Russia to continue Ukraine attacks, calls for regime change
Russian Foreign Minister Sergey Lavrov on Monday said that strikes on the Ukrainian main port city of Odesa "should not affect" grain exports.
A Russian attack on Saturday came just hours after Moscow and Kyiv reached an agreement in Turkey on grain shipments leaving Ukrainian ports, sparking fears that the Kremlin would not go through with the deal.
Lavrov said the strikes targeted "the military part of the port," which are at a "considerable distance" from the grain terminal.
The top Russian diplomat is currently speaking on a visit to Congo-Brazzaville, insisted that agreeing to the grain deal did not mean that Moscow would halt striking Ukrainian "military targets."
"There is nothing in the obligations that Russia took on that would forbid us from continuing the special military operation," Lavrov said, using the Kremlin's term for the conflict.
Meanwhile, Kyiv said on Monday that the first grain shipments under the UN-backed deal were expected to be exported "this week."
"Our position is very simple. We signed an agreement with the UN and Turkey. If the sides guarantee security, the agreement will work. If they do not, it will not work," said Ukraine's Infrastructure Minister Oleksandr Kubrakov, who was part of the talks in Istanbul.
Russia admits seeking to replace Ukraine's leadership
On Sunday, Lavrov expressed the objectives of Moscow's war on Ukraine in some of the bluntest terms yet — saying the Kremlin is seeking to topple the Ukrainian government in Kyiv.
Lavrov claimed that Russia was determined to help Ukrainians "liberate themselves from the burden of this absolutely unacceptable regime."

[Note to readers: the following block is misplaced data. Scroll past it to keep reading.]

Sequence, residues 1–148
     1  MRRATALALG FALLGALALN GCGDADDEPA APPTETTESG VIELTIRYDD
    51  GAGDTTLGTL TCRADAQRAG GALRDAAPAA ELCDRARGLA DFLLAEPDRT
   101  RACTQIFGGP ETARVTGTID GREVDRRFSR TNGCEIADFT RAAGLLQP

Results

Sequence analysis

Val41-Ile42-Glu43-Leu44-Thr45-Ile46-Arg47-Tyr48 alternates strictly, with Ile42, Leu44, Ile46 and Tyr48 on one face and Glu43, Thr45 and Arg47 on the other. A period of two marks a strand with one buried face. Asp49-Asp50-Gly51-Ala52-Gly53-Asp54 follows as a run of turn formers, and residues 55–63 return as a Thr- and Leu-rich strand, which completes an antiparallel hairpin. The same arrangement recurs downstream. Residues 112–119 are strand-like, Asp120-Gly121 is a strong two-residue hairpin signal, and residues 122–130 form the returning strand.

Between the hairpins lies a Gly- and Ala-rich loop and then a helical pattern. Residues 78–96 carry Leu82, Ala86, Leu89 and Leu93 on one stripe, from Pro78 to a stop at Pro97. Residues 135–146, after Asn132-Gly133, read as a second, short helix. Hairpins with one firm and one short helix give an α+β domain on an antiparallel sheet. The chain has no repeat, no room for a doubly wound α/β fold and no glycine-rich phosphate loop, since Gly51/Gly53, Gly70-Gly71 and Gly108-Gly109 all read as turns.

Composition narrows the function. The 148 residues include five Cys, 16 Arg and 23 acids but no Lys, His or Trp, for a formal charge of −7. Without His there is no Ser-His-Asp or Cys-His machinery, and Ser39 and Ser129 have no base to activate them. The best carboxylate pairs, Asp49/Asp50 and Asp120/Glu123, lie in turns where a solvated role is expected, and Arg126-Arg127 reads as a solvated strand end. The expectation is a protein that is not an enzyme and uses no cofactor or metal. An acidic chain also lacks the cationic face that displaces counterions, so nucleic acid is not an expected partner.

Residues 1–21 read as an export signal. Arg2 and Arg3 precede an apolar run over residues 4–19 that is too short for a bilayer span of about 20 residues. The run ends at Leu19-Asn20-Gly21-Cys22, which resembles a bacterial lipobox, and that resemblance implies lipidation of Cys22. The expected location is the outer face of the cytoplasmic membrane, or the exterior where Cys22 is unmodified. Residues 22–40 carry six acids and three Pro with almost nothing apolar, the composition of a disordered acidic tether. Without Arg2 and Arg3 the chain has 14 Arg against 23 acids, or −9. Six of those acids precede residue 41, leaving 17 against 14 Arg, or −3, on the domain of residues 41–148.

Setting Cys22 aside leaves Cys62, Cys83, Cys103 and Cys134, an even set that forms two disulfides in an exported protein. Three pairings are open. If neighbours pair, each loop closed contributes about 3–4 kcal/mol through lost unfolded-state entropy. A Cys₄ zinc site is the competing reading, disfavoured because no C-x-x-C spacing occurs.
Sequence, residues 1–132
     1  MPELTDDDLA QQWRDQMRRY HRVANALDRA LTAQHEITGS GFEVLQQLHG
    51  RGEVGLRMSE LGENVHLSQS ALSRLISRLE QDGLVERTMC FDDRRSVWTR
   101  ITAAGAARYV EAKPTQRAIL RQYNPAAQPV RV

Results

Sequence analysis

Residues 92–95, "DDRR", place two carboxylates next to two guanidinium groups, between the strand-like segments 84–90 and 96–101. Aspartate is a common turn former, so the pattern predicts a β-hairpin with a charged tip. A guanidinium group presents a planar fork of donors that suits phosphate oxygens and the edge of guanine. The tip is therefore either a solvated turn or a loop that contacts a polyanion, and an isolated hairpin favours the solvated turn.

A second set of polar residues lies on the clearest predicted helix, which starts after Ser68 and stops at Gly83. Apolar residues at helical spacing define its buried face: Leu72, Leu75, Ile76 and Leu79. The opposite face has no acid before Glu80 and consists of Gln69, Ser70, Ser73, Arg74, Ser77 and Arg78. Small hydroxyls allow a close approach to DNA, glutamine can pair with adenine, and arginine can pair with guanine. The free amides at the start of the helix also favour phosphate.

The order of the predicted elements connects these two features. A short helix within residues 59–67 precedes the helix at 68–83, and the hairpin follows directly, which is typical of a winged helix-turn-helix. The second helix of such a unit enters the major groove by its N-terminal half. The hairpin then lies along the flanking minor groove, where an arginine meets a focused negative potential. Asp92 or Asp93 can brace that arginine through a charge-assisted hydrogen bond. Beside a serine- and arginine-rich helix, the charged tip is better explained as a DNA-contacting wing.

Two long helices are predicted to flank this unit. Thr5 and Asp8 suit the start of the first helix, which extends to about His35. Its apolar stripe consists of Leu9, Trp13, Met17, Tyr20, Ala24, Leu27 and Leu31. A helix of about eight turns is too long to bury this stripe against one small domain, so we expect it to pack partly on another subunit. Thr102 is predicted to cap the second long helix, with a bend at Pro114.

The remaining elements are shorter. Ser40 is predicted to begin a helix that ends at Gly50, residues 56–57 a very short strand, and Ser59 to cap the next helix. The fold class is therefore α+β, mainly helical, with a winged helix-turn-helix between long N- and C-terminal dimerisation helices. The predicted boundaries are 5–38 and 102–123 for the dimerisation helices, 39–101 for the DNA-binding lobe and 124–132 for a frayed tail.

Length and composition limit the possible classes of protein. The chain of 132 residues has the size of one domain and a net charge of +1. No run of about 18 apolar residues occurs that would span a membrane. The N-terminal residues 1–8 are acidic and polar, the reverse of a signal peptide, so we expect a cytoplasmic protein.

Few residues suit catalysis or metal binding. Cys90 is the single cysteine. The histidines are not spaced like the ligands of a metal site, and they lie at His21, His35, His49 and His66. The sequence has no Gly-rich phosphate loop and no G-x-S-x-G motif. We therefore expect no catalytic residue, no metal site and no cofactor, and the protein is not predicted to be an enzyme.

"Russian and Ukrainian people would continue to live together. We will certainly help Ukrainian people to get rid of the regime, which is absolutely anti-people and anti-historical," Lavrov said.
Western governments have lauded democratically elected Ukrainian President Volodomyr Zelenksyy for his leadership during the war.
Lavrov accused Zelenskyy's government and its Western allies of spouting propaganda intended to ensure that Ukraine "becomes the eternal enemy of Russia."
The Kremlin had earlier emphasized that Russia wasn't seeking to overthrow the government in Kyiv, even as Russian forces closed in on the Ukrainian capital in the early weeks of the war before retreating and focusing on the eastern Donbas region.
Russia turning to Africa
Lavrov made his remarks during his trip to Africa as Russia seeks to strengthen its ties to the region amid increasing isolation, largely placed on Moscow by the West due to the invasion of Ukraine.
The Russian foreign minister visited Egypt and the Republic of the Congo, and is due to head to Uganda and Ethiopia.
Russia has already had strong influence in Africa, whether through investments or the presence of the the controversial Russian military group Wagner Group in some African countries.
African leaders have hardly taken sides in regards to the war in Ukraine, although the blockade of Ukrainian grain exports has affected food security in the continent.
Ukrainian presidential aide Mykhaylo Podolyak criticized Lavrov's visit to Africa, calling it a cynical ploy by Moscow after it had fueled the food crisis.
"Lavrov's trip to Africa is the quintessence of Russian sadism. You arranged the artificial hunger and then come to cheer people up," he wrote on Twitter, assuring that Ukrainian grain will reach its destinations.
fb/wmr (AFP, AP, dpa, Reuters)